When walking through a migrant shelter in Tijuana, Mexico, Border Angels Outreach Coordinator Leticia Guzman said those she spoke with would often approach her with a pile of papers.
“Do you think I have a chance at getting asylum?” The migrants would ask.
Guzman, who spoke at a Dec. 10 lecture at San Diego State with the border outreach organization Border Angels, said the question cannot be answered simply, as even those with strong legal claims for asylum are bound to face a tough battle once they line up at the border.
When it comes to the situation surrounding the caravan of Central American migrants, Guzman and Border Angels Tijuana Director Hugo Castro said nothing about the reality of the situation can be understood clearly through the lens of the American media, which they claim perpetuates the image of migrants with weak claims for asylum. According to Guzman, the issue is more deeply rooted in their lack of understanding of the American immigration system.
“A lot of them don’t know the rules of the game,” Guzman said. “They could’ve been in such dangerous circumstances but they don’t fit the story, so they’ll get deported back.”
When attempting to claim asylum in the United States, those seeking refuge must prove they would be persecuted on the basis of race, religion, nationality, political opinion or membership in a particular social group. Guzman said, while many migrants fit this profile, most of them don’t know how to articulate their experiences in a manner that would be of use when speaking with Border Patrol agents.
Guzman said this is not the only area where migrants may feel they have been left in the dark. Due to a lack of access to the internet, she said many migrants were not made aware of the animosity being felt toward them until they were left to experience it in action. For some, she said this rude awakening came in the form of rocks being thrown at them while they slept. Castro said even spaces that are meant to be safe, such as shelters, have become problem areas.
“Migrants are really vulnerable because many shelters don’t accept them or they fear they will face discrimination in shelters,” Castro said.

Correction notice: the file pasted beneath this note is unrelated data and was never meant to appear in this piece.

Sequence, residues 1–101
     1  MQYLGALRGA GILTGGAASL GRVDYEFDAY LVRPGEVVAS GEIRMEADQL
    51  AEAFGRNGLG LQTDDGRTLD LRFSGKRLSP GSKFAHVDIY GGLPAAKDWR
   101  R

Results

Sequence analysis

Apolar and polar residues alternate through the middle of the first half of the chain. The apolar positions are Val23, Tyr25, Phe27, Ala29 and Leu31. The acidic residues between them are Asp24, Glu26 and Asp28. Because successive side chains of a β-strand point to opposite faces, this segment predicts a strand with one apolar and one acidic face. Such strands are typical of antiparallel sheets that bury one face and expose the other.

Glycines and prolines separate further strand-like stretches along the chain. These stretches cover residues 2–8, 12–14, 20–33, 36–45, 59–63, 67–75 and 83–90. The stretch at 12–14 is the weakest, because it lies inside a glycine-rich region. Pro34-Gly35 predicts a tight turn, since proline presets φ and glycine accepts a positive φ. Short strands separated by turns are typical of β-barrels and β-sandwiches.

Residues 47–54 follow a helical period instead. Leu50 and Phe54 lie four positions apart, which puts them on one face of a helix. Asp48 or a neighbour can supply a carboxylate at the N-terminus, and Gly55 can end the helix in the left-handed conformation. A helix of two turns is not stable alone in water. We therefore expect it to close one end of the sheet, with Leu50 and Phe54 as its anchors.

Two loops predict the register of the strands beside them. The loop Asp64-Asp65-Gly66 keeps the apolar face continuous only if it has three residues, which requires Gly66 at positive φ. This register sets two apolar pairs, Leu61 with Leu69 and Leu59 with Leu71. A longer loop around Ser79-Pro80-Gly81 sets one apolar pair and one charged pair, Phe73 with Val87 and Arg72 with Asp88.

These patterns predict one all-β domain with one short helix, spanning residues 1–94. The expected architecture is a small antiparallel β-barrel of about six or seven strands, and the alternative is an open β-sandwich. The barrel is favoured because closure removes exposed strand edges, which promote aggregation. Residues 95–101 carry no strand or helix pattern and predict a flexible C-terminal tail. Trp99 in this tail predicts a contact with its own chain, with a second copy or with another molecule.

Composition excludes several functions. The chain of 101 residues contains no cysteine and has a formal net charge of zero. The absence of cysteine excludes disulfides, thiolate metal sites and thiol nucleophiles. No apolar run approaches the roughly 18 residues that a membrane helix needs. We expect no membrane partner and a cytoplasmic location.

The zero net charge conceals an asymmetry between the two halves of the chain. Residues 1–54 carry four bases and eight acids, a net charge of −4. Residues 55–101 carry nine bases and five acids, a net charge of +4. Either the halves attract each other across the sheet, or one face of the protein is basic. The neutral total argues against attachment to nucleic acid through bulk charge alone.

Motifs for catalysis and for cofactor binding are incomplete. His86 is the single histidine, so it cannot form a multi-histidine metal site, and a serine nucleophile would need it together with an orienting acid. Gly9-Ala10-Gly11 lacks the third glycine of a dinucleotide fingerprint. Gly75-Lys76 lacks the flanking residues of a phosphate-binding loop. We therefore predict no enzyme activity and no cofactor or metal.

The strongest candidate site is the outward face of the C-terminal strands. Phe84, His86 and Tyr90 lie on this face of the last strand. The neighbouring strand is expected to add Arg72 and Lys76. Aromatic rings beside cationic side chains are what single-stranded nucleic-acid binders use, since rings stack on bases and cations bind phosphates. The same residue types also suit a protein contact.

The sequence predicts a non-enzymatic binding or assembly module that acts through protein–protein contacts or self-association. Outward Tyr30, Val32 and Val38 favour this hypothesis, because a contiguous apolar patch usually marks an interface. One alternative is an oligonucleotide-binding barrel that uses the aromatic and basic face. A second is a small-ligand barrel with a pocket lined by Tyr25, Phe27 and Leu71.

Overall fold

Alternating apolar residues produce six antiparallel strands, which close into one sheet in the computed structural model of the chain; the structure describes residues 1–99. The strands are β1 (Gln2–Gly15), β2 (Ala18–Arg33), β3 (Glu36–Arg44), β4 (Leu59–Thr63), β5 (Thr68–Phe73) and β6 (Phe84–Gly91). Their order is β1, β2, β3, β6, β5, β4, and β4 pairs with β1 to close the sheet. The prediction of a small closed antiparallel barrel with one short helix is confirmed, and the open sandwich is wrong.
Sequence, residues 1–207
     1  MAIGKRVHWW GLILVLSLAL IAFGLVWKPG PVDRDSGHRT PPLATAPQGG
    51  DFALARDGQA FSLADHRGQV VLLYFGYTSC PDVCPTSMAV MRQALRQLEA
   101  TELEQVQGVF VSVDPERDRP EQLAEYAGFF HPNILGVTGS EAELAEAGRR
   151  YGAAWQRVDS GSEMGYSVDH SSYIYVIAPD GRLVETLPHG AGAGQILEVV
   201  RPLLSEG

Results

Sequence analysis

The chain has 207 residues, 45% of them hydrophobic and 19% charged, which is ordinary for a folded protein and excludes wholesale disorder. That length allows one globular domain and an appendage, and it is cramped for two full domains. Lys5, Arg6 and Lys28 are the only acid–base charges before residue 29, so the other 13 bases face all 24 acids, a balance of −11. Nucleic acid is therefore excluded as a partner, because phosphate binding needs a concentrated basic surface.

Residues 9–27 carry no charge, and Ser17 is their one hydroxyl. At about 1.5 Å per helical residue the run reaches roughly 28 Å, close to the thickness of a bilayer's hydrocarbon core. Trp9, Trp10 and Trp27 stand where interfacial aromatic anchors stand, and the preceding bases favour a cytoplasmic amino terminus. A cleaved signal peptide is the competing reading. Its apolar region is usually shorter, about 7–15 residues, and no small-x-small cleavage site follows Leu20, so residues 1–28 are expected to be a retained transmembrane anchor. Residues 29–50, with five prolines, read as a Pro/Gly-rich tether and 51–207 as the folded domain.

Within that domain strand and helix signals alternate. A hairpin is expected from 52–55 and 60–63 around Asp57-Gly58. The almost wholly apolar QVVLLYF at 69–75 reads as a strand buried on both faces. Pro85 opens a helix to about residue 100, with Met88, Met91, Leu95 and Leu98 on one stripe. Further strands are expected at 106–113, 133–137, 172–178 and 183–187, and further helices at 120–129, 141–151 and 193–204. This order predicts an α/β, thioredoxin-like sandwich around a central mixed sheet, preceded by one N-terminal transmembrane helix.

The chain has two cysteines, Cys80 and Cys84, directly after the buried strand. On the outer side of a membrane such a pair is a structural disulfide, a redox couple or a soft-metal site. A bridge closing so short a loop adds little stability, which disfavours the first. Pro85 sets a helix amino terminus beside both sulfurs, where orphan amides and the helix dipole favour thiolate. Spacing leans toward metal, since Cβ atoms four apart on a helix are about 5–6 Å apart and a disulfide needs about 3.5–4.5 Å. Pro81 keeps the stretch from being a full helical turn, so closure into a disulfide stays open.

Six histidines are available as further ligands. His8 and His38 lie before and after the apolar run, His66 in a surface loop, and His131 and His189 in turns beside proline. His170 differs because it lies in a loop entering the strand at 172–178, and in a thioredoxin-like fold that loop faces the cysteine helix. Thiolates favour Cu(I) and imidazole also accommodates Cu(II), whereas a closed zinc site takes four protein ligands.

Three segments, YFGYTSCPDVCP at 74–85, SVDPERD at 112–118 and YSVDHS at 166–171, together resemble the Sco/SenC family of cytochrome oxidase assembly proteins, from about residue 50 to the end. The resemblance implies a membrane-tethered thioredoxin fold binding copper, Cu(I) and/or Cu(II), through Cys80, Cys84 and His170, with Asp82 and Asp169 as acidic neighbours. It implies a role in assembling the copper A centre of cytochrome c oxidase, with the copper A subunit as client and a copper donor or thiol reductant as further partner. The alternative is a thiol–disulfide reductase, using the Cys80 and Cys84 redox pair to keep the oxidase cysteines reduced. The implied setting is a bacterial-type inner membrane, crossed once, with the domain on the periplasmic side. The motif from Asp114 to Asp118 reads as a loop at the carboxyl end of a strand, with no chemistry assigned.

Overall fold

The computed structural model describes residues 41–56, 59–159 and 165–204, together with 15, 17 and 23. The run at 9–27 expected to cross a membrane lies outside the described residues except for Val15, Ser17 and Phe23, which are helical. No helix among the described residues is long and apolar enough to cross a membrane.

Dr. Richard Griswold del Castillo, a retired Chicano and Chicana studies professor, said this sense of vulnerability doesn’t end at the wall. After the U.S. is able to complete an individual’s claim processing, he said migrants are thrown onto American soil with nothing to their names but a court date a few months down the line.
“That’s the crisis on this side,” Griswold del Castillo said. “We have these refugees that have been processed and now they’re on their own with no food or clothing. That’s a real tragedy.”
Griswold del Castillo said hosting organizations like Border Angels on campus is vital to stirring up student advocacy.
“Who knows? Out of this whole group, there may be five or six that maybe go, get involved and continue,” Griswold del Castillo said.
For Guzman, advocacy in Tijuana has taken the form of giving migrants a voice by allowing them to make posters, as she said the media has largely neglected to hand the microphone their way. Border Angels has also partaken in numerous efforts to provide legal consultation to those on both sides of the border and to bring donations to migrant shelters through events such as Caravan of Love.
“We need to mobilize ourselves,” Guzman said. “There have been bigger caravans of migrants in the history, but this is particular right now because our president is working (with) this and he is using these people as a political tool to (get Congress to support the wall).”